The SPARCS Junior Alternate program students at Peter Skene Ogden Secondary School (PSO) have adjusted well to the recent school merger from their previous alternate classes at 100 Mile House Junior Secondary, says youth care worker Melody McIntosh.
SPARCS is an acronym for skills, potentials, attitudes, responsibilities and capabilities for success.
As part of developing these attributes and capacities, McIntosh explains the students have taken on a predominant role in food preparation at PSO.
“With the advent of the merger, our program became responsible for running the school cafeteria. So, it gives the kids a chance to have work experience and to get out of the classroom.”
With the modest profits made in the cafeteria, the students decided to do a noon holiday turkey dinner to give back to the school, she adds, and to the community through the donations it will raise.
The inaugural PSO Christmas Lunch takes place tomorrow (Dec. 19) and McIntosh says it is “quite a huge undertaking,” but the SPARCS youth have been working hard to make it happen.
Eight turkeys have been prepped, she says, adding the 20 students in the program are doing everything from planning and making posters to peeling 200 potatoes.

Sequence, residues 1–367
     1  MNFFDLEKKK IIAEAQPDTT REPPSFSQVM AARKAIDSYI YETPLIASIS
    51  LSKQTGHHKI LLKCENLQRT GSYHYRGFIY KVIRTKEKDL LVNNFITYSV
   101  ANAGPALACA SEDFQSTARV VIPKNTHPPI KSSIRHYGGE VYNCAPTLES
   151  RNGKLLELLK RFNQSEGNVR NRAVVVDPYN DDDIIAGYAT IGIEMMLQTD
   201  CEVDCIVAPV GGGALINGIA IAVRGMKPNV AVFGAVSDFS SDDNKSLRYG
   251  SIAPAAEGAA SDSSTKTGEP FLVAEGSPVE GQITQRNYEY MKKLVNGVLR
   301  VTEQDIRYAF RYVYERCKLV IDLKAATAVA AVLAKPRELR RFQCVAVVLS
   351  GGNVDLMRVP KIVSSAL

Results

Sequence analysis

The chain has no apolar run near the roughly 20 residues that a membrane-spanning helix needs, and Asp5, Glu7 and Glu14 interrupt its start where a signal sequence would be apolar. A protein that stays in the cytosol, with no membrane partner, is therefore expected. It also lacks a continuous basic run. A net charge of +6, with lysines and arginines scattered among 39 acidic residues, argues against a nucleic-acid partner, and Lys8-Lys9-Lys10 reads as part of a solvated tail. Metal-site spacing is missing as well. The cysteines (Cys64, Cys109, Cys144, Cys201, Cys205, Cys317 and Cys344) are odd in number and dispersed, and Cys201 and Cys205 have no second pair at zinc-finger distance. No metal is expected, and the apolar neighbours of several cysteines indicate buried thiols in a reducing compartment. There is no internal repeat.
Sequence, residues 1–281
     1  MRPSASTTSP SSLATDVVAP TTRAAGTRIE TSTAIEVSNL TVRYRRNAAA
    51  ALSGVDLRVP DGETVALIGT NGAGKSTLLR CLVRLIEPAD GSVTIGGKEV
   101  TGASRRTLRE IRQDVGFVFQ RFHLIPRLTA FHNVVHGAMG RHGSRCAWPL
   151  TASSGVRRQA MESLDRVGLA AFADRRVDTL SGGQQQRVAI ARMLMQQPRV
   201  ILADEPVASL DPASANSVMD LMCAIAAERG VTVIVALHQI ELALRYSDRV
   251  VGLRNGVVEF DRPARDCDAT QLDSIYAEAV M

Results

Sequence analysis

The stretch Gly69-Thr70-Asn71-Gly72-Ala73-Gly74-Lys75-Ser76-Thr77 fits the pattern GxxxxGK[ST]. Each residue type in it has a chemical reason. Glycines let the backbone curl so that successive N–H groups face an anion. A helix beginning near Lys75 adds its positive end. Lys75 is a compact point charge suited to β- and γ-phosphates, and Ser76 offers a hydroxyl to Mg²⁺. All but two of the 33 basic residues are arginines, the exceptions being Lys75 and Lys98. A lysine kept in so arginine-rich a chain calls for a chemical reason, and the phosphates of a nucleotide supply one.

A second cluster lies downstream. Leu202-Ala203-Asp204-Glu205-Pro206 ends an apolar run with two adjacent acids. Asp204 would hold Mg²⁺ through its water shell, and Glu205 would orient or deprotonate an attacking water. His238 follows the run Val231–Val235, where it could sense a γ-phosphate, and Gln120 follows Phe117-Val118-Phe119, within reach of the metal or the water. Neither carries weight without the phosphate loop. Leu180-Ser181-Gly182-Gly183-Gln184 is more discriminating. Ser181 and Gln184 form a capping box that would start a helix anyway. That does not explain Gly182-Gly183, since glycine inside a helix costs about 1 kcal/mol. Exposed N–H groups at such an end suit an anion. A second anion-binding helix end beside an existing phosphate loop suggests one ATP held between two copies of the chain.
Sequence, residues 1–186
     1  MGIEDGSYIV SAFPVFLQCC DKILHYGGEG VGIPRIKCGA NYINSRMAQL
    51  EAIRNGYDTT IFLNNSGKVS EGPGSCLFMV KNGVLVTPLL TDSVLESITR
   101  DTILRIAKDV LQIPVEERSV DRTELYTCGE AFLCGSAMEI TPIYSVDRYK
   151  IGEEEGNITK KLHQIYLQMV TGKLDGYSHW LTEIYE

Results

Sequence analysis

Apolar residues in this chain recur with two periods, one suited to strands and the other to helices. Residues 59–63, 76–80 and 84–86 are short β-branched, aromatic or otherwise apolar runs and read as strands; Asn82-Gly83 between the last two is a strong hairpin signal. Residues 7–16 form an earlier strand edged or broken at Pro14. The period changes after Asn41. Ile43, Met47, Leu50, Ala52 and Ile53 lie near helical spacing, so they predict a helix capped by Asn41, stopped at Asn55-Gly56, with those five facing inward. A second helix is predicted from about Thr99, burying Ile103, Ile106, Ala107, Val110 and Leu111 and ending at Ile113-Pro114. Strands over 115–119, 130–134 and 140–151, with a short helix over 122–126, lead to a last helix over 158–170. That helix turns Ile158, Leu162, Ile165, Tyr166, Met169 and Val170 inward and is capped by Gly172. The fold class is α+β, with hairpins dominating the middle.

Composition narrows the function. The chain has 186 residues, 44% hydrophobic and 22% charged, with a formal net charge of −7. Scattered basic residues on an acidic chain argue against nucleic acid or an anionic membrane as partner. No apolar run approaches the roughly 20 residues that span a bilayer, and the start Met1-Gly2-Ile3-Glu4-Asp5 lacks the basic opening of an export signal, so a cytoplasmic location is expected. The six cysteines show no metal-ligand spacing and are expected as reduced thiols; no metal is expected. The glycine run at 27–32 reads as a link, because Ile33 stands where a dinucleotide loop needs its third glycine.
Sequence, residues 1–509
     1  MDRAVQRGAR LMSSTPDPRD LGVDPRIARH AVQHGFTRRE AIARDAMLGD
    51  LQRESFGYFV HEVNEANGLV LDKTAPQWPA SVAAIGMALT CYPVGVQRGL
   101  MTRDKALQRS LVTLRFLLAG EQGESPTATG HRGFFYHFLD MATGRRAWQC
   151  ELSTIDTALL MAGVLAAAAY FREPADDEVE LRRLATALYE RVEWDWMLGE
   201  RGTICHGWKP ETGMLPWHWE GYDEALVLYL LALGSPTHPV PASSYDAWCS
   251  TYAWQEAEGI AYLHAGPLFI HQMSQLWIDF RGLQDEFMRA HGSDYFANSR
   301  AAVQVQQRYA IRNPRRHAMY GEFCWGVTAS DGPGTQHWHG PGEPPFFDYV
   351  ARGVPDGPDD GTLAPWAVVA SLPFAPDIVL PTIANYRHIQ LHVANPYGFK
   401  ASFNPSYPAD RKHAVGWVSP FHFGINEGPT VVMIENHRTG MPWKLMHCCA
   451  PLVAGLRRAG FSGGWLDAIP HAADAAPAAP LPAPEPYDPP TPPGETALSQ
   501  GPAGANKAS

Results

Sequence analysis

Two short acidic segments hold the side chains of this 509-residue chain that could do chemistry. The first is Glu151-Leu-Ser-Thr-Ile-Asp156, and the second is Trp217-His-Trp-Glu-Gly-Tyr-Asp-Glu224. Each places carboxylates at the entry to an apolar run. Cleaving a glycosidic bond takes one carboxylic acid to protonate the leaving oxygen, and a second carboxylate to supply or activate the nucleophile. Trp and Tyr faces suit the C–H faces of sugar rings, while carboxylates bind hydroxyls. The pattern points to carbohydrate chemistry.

“It’s a lot of work; they are giving up quite a bit of time. They’re taking turns on a rotating schedule; we have about eight potato peelers, for example.”
In lieu of students buying their noontime meal, the turkey luncheon will be provided by donation of a non-perishable food item, new toy or cash to be distributed by the 100 Mile House Food Bank Society, McIntosh explains.
She notes several PSO leadership class students have volunteered to collect the donations.
Five SPARCS classmates have also dedicated their lunch hour to serve the meal, McIntosh says, and PSO principal Vic Brett will be the honourary server handing out plates.
The cafeteria class is taught by PSO teacher Andy McIntosh, and he offers the students FOODSAFE training on top of all the cooking and food preparation skills they gain.
Melody adds all of the students are handing the daunting turkey dinner task very well, and it is hoped to become an annual event.
“They are doing a lot of work with preparation and planning, and I am just super proud of them.”